More perspective, to transfer a 100MB file (100 Megabytes on a Windows PC = 838,860,800 bits). To figure that out. 1 megabyte = 1,048,576 bytes, and there are 8 bits to every byte. So, (1,048,576*100)*8 = 838,860,800 bits.

At theoretical max speeds, transferring this file to another device it would take: 

  • 1.74 seconds using USB 2.0
  • 76.26 seconds using USB 1.1
  • 7281.7 seconds (about 2 hours) using RS-232

These are using theoretical max speeds, most transfers happen at slower speeds than the theoretical max.

As far as transferring reel-to-reel video to DVD, what device were you planning on using to accomplish this? I'd love to know.

Dakota
Dakota's picture
Thanks for the input. In

Thanks for the input. In response to the transfer question, I have an Image Transfer box which is designed to transfer slides, 8mm and 16mm films to videotape (and after a test run, although it isn't perfect, I was surprised at the results). After transferring all of my home movies to my (analog) camcorder I plan on putting them on my computer using an external video capture device, which I need the USB 2.0 for. I am also considering purchasing an digital camcorder, but either way I need the 2.0. Too many steps, maybe. Too primitive, probably. But considering that I have 'inherited' many, many thousands of feet of reel-to-reel film and that the cost of having them professionally put onto DVD averages 20 to 30 cents per foot, I am willing to take the time to try!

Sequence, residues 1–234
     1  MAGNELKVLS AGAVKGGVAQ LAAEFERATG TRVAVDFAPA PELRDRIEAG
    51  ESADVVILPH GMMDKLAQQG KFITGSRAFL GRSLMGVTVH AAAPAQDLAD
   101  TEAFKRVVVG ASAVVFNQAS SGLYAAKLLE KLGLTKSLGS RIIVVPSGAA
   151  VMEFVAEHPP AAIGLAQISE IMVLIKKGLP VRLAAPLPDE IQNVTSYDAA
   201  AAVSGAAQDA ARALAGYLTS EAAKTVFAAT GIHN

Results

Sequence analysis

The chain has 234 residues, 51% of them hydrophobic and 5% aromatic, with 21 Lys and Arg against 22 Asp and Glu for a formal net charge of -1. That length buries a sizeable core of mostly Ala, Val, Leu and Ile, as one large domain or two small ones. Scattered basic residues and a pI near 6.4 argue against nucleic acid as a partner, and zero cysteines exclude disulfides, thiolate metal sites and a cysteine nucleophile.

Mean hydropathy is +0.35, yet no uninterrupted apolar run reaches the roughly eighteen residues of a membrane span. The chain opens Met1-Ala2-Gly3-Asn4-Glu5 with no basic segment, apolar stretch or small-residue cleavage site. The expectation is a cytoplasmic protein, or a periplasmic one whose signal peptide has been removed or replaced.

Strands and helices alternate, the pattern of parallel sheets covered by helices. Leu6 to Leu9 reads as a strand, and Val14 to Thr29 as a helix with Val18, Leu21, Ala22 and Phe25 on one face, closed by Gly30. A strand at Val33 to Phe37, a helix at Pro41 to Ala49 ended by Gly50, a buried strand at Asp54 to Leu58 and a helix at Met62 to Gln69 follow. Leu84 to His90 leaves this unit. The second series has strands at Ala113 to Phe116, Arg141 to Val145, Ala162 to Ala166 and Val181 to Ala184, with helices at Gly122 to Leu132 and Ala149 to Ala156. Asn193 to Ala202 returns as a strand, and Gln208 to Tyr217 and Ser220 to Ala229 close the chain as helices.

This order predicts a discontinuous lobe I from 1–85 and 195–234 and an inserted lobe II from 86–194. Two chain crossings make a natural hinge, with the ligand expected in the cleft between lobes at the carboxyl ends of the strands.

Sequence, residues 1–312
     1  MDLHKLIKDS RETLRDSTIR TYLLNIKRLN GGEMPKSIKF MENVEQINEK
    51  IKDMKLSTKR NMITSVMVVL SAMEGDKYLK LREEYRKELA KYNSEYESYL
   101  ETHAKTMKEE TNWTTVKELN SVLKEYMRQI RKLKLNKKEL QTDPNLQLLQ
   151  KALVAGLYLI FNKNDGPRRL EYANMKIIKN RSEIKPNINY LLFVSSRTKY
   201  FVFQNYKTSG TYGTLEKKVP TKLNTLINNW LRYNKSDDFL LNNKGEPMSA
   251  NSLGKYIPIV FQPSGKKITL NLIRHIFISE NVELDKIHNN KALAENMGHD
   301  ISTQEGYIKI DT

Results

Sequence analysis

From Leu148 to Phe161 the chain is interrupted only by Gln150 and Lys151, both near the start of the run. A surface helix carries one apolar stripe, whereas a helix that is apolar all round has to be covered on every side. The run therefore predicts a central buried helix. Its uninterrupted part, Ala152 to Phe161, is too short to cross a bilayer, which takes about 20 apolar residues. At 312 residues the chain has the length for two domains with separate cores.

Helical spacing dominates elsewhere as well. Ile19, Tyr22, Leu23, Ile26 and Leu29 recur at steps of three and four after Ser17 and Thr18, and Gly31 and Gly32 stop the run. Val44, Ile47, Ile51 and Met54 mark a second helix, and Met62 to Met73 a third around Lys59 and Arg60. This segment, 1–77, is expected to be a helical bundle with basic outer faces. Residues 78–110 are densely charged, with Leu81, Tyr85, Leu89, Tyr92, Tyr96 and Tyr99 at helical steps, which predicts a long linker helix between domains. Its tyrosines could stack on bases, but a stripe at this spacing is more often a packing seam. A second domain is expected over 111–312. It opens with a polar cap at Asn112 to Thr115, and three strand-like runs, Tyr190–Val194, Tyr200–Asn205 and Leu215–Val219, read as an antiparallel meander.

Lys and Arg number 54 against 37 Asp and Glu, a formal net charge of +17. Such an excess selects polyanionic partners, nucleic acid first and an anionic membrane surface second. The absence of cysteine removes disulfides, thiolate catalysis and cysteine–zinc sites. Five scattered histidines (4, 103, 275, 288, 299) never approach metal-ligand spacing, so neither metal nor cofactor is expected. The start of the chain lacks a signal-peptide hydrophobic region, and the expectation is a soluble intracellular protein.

Matt Whitlock
Matt Whitlock's picture
Given the cost of having it

Given the cost of having it transferred professionally, I applaud you for undertaking this process yourself. Maybe as you perfect the process, you could write a how to guide for TechLore to help others that may also want to do this themselves. I'm sure others in your shoes would find it invaluable.

FrancoDue
FrancoDue's picture
Dakota said: Thanks for the

Dakota said: Thanks for the input. In response to the transfer question, I have an Image Transfer box which is designed to transfer slides, 8mm and 16mm films to videotape (and after a test run, although it isn't perfect, I was surprised at the results). After transferring all of my home movies to my (analog) camcorder I plan on putting them on my computer using an external video capture device, which I need the USB 2.0 for. I am also considering purchasing an digital camcorder, but either way I need the 2.0. Too many steps, maybe. Too primitive, probably. But considering that I have 'inherited' many, many thousands of feet of reel-to-reel film and that the cost of having them professionally put onto DVD averages 20 to 30 cents per foot, I am willing to take the time to try!

I too wish to transfer lots of 8mm fils to DVD.  The total cost by using outside houses is too great so I must try it at home.

What was the "Transfer Box" which you used (make,cost supplier etc. wold help) Er.. is yours for sale now???

What have been your results? Have you compared them to professional transfers?

best wishes

francodue